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The Economic Organisation of a P.O.W. Camp
July 6, 2008 7:37 AM   Subscribe

In the latter years of the second world war, the economist RA Radford was a prisoner of war. After the war ended, he wrote this now well known (if you're an economist) article on the economic structures that emerged in the POW camps. (JSTOR link)

I originally came across this article via Crooked Timber & although it was mentioned in a recent AskMefi I thought it deserved its time in the MeFi limelight.
posted by pharm (20 comments total) 24 users marked this as a favorite

 


Argh! tylermoody has the link.

Here's a pdf of the original article.
posted by pharm at 7:57 AM on July 6, 2008


Fascinating.
posted by grouse at 8:21 AM on July 6, 2008


Really fascinating even to this economic illiterate, thanks!
posted by Alvy Ampersand at 8:27 AM on July 6, 2008


Wow, a fascinating read from beginning to end.
posted by lupus_yonderboy at 9:13 AM on July 6, 2008


Fascinating stuff, thanks for posting it. Thanks for fixing the link also.
posted by marxchivist at 9:56 AM on July 6, 2008


This is good stuff.
posted by popechunk at 10:23 AM on July 6, 2008


I'll never live down my ill-advised investment in diced carrot futures.
posted by Abiezer at 10:45 AM on July 6, 2008 [1 favorite]


Very interesting and raises questions about fundamental social needs and wants. I wonder about the existence of that other oldest profession... How many cigs for a blowjob? Not a topic he could mention in those days but if POW camps are like other prisons I doubt all the inmates were celibate. Also notable is the value of drugs (nicotine, caffeine) even above food for some people.
posted by binturong at 11:24 AM on July 6, 2008 [1 favorite]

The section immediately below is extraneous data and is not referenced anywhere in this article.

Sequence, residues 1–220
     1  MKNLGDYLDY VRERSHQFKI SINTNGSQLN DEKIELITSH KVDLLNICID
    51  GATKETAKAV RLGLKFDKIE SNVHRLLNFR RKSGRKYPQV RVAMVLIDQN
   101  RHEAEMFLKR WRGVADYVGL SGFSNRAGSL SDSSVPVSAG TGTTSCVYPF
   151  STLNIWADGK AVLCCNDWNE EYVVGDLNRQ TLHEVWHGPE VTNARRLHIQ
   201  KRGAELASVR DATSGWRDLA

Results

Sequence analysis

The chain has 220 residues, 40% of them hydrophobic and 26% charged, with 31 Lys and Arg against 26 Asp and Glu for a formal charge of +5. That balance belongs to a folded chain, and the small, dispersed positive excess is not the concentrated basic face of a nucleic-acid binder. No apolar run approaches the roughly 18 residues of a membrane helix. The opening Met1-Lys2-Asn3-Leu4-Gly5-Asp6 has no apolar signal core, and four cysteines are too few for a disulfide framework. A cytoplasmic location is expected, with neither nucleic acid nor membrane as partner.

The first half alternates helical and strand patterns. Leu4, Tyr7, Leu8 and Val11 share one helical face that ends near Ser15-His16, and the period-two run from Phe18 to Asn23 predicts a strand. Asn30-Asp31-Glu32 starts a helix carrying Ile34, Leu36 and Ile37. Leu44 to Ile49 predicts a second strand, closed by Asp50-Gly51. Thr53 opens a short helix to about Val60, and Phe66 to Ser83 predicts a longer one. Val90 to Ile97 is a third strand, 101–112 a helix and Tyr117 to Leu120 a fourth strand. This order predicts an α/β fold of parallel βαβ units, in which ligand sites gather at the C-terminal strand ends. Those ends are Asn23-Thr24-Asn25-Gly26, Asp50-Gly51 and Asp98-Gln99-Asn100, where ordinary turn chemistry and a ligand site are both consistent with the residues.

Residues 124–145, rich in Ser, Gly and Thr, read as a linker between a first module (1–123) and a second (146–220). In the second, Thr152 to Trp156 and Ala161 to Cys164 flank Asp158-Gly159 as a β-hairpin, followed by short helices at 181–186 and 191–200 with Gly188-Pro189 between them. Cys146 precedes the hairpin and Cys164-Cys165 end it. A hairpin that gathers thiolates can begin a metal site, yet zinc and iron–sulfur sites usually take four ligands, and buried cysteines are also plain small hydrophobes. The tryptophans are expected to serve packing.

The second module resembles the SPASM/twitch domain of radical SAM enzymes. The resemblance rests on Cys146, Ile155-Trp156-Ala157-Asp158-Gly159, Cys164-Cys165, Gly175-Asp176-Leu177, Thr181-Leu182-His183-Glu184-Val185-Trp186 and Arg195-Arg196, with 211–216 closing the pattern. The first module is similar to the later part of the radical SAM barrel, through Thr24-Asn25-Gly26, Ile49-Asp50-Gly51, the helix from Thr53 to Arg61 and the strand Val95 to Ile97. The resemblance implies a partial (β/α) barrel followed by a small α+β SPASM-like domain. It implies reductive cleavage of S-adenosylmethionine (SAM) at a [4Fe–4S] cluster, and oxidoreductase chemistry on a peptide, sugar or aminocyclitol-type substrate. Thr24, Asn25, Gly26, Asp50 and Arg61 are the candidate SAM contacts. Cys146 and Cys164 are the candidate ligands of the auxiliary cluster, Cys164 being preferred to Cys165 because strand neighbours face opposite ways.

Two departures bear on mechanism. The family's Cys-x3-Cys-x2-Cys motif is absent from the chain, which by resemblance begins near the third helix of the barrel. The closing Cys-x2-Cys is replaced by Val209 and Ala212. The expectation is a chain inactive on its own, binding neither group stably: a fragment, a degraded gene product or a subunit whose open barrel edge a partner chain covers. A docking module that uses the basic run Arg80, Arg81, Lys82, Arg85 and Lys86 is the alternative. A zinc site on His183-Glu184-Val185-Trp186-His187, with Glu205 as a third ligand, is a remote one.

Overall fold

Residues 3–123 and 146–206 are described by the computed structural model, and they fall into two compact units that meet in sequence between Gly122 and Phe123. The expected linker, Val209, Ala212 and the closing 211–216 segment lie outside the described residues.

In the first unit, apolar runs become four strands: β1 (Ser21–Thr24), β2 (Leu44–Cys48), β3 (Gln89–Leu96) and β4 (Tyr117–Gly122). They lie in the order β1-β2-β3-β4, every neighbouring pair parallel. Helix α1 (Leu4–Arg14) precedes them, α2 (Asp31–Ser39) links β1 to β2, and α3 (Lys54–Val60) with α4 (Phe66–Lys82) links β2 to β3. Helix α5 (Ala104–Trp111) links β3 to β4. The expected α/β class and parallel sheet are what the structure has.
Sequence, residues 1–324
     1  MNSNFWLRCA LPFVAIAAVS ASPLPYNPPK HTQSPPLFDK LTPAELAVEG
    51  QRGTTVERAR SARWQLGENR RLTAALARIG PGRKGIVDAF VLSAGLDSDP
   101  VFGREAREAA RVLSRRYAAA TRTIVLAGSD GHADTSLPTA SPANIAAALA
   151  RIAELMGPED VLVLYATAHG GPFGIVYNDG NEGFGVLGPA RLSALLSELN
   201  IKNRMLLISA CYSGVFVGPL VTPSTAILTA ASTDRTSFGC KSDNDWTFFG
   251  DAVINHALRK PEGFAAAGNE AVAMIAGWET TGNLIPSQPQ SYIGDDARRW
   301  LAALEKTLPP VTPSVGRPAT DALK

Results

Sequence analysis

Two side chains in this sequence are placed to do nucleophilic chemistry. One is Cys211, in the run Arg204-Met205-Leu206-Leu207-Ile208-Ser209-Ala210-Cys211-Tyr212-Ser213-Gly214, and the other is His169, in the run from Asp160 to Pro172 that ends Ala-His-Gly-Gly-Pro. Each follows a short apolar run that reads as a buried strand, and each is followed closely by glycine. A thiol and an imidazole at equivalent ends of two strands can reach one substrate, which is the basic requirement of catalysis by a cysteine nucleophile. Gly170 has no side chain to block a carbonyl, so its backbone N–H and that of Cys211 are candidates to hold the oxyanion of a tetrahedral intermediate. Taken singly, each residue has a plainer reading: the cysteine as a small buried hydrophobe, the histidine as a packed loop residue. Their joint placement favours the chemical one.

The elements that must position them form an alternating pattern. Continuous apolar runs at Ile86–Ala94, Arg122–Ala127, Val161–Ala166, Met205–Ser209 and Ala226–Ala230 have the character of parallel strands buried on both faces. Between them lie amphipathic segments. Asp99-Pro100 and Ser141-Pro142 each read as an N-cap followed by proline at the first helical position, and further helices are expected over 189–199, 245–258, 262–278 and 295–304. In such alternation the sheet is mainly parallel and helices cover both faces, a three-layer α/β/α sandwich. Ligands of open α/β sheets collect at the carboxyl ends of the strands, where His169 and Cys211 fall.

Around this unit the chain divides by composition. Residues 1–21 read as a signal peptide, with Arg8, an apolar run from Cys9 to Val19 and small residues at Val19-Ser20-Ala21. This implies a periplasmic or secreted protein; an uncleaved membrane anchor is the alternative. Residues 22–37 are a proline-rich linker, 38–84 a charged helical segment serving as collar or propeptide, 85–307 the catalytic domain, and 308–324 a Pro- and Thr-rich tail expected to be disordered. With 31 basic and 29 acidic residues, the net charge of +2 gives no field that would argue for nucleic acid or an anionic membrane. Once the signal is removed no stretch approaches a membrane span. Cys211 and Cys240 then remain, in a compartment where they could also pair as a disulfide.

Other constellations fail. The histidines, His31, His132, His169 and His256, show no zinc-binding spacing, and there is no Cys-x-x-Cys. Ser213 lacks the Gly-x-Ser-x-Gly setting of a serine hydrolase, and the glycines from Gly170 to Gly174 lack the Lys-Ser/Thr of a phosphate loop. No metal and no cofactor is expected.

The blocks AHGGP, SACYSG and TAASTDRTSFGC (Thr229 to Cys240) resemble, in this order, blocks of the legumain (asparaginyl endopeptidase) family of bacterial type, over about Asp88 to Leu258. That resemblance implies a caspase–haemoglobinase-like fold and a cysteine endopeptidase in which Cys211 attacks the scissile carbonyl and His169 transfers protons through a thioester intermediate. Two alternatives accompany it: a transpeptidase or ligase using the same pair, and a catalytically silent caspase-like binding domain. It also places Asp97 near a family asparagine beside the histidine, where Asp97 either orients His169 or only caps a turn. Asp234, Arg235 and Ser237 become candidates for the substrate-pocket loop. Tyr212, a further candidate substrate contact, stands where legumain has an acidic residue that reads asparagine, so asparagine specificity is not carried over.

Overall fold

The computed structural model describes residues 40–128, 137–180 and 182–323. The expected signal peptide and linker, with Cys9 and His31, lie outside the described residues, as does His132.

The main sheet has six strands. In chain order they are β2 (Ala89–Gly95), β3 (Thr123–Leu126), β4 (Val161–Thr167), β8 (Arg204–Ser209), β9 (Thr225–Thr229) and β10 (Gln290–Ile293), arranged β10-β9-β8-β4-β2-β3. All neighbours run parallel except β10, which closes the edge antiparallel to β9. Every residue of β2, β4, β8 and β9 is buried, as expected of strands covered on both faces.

Great post. As my mental image of WWII POW camps comes entirely from movies like "The Great Escape", I was wondering how supporting escape efforts fit into the camp economy. I suppose it was treated as charity for the most part although I'm sure people could be ordered to give up the required goods. There is always a lot of barter, scavenging and "scrounging" in those films, as they come up with the supplies they need to escape.
posted by w0mbat at 1:11 PM on July 6, 2008


This article has often been cited by conservatives to "prove" that free markets are natural, organic and basically inevitable (hence can't be unfair or improved upon.)

That bugs me because prison camp is almost the ultimate socialist society -- everyone is given a set ration by the government, regardless of effort; no one has "capital" in the form of inheritance or social advantages; and one couldn't use capital to either start new enterprise or cut off competition even if they did. All very different.

It IS interesting that the fact that the market is underground seems to keep it pretty efficient. I imagine that this is because no one can use official sanctions to create an artificial monopoly, the way regulatory agencies are often used in the West.
posted by msalt at 1:56 PM on July 6, 2008 [3 favorites]


free markets are natural...inside of a prison.
posted by eustatic at 4:01 PM on July 6, 2008


msalt: You might be interested in the article "We thought we were British, until we lived among them" by an Australian PhD sociology student. (Apologies for the necessity of linking to a multipage, ad-laden site, but I can't find another source for that paper.)

It is somehat incongruous that the original Radford paper is oft quoted in support of the inevitability of the neo-classical free market economy, when the environment in question was about far from such a thing as you can imagine. I think that it's a fascinating paper though, even if only for the perspective it evokes of a particular historical environment.
posted by pharm at 3:18 AM on July 7, 2008 [1 favorite]


What a coincidence. I just finished reading Victor Frankel's Man's search for meaning which should be the companion piece to Radford's paper.
posted by ruelle at 5:10 AM on July 7, 2008


pharm, thanks for that link.
posted by Meatbomb at 9:28 AM on July 7, 2008